The tale of Tucker the Turtle strikes a chord in all of us, doesn't it? High or low, rich or poor, we can all identify. Who among us has not been sleeping by the side of the road, our shells all cracked, only to be picked up by a trucker and transported to a distant state for medical care? There but for the grace of God go I, again, we think.
If you're not up to speed: Tucker the Turtle -- his legal name, I believe, although court documents say Tucker T. Turtle -- was minding his own terrapin-related business by the side of the road when a trucker found him and became alarmed at his condition. (If only the trucker's name was Tuttle, it would be perfect; you don't often get to write "Tuttle the Trucker Takes Tucker the Turtle" unless you're a children's book author.)
Tucker's shell was cracked, so the driver thought he would drive him to Minnesota and give him to the Humane Society, leading experts in the new field of shell reconstruction surgery. I don't know what you'd do, actually; duct tape comes to mind, or perhaps some spackle and a bit of paint.
But Tucker's shell was fine. He was an old turtle, and they were old cracks. They didn't heal because turtles have limited access to moisturizers, and even if they did, they can't reach their back. (Some turtles have been known to have itches that remained unscratched for 15, 20 years.)
That would be the end of the story, except that Tucks is a warm-habitat turtle and would not do well in our cold clime. You're thinking: Let him crash on the sofa until spring, right? No: A fellow named Greg Staffa volunteered to drive Tucker back down to Kentucky, and he's leaving Friday, which is great, because for all we know, Tucker left the stove on and has been freaking out.
There's something to the story I don't quite get. So there's a fellow piloting a rig down the highway, nodding along with the music on the radio, thinking about home, wishing that car behind him would back off a yard or two, because you don't want to be tailgating a guy who's constantly scanning the road for injured turtles -- and HELLO, there's one, up ahead! Hits the air brakes.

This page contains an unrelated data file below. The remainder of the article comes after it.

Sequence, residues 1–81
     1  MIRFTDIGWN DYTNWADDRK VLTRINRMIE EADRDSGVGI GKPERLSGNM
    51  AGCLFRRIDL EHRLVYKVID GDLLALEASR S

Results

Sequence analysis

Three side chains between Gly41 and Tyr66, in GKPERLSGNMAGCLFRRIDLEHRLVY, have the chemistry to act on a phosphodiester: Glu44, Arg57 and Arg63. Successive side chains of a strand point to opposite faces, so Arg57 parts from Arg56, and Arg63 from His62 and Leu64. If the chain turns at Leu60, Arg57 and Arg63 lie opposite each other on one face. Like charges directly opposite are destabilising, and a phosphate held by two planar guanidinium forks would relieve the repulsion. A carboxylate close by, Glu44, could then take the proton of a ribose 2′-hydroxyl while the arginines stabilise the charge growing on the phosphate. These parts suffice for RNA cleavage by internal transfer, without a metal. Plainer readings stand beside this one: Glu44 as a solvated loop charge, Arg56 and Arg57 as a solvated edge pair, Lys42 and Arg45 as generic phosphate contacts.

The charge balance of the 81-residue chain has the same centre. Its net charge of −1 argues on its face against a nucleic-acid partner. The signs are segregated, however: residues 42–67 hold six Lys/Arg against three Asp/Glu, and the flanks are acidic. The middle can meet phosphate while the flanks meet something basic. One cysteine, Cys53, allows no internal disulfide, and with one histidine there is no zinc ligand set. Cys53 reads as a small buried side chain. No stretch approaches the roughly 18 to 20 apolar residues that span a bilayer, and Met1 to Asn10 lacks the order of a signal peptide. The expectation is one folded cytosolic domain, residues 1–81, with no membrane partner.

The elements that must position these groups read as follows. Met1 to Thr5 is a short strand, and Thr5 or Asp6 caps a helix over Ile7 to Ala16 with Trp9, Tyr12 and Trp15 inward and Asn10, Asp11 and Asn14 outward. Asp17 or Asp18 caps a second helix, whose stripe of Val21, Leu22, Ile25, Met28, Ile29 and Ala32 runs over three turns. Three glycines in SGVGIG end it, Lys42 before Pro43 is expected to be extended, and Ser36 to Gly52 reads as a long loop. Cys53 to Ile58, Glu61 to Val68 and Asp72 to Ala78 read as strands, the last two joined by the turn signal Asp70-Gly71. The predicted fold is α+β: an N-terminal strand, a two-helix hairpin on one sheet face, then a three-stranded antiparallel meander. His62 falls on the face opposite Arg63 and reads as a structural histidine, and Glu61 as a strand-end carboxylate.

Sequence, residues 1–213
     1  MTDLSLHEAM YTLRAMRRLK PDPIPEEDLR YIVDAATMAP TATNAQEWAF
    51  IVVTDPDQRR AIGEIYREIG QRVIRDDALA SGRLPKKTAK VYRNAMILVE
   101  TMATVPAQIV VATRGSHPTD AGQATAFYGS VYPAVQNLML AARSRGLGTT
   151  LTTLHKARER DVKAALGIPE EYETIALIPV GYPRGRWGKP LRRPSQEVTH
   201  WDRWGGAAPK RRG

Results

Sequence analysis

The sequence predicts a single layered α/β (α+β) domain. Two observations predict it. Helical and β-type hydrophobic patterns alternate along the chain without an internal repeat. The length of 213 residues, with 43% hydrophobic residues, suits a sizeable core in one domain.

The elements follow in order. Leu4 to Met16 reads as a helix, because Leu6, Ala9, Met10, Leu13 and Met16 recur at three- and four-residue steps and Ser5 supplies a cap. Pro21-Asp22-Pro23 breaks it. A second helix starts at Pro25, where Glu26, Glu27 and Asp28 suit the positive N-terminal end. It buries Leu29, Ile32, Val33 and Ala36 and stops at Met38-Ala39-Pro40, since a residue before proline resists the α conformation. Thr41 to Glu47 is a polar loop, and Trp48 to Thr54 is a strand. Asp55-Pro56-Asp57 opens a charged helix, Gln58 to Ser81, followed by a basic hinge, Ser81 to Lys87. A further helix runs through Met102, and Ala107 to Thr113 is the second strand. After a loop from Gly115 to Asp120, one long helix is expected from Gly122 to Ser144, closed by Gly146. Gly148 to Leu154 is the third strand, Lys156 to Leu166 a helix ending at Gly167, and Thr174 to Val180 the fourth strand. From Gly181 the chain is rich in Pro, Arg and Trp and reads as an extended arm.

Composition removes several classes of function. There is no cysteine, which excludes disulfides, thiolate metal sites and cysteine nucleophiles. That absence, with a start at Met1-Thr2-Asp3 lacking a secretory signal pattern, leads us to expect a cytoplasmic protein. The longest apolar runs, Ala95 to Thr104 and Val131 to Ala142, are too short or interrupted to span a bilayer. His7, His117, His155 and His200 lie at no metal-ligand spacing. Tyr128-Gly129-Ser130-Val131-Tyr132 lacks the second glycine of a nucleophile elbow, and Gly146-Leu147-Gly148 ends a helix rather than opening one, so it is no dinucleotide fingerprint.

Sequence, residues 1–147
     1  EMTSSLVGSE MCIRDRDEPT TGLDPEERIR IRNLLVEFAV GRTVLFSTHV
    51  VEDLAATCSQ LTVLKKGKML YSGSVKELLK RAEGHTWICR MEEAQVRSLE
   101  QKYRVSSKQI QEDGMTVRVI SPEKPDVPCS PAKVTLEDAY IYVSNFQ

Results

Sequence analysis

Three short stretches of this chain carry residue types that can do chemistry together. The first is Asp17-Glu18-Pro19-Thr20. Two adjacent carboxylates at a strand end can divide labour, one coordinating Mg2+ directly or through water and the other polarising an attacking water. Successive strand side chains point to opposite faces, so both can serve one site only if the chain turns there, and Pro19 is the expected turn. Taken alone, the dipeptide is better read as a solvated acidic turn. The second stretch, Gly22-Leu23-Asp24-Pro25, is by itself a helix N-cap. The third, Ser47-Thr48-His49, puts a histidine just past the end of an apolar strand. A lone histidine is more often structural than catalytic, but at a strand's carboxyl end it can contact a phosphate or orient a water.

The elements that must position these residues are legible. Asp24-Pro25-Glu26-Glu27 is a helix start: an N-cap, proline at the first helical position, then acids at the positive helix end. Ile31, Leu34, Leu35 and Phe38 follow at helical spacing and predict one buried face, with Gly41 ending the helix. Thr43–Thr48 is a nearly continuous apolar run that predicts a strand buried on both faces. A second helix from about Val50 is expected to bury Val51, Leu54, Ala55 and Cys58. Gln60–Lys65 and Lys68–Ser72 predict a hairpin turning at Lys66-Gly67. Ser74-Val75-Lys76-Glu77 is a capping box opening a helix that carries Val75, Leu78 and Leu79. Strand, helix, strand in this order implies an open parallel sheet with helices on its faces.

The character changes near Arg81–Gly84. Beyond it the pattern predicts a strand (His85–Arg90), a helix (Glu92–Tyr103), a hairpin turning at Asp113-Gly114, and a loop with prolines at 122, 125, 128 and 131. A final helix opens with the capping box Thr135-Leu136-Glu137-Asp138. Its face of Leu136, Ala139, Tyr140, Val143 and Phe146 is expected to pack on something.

Guides the rig to the shoulder. A less capable driver might have blown tires and jack-knifed; when you see long black streaks on the road with the detritus of detonated tires, that's probably from a driver who saw a raccoon-shaped heap on the shoulder and stood on the brakes. Is it dead, or is it just sleeping? Lord, I hope I'm not too late.
Don't mean to demean; it was a kind thing to do. But if I were the trucker, I'd adopt Tucker. Take him along. A turtle is an ideal traveling companion. It's clean. Doesn't say much. Can hold it for up to seven years. Will not argue about the radio. McDonald's is fine, even though there's a Wendy's just over there and it's been a while since he had Wendy's, but, whatever.
Will never ask "are we there yet?" because for a turtle, here is always there, and vice versa. If it gets too cold, you can put him in a towel with those toe-warmer packs they sell at Menard's. I mean, there's a song here, if not a gol-dang TV special. In the CB radio era this would have been a movie with Clint Eastwood, and maybe George Burns as Tucker.
One more thing. The phrase "Good Samaritan" always struck me as insulting -- oh, sure, he's a Samaritan, but he's a good one. "Humanitarian" doesn't really apply here, for obvious reasons. "Staffatarian," after the fellow who will take Tucker home, sounds right for people who do a good thing for turtles. Don't expect the word would come up much in daily conversation, but it's there if we need it again.
One more: It would be amusing if Tucker showed up 17 years later, having walked the entire distance, and explained he thought he left his cell phone. You guys find one? No? OK, then. Well, I'll go back home and see if it's in the couch.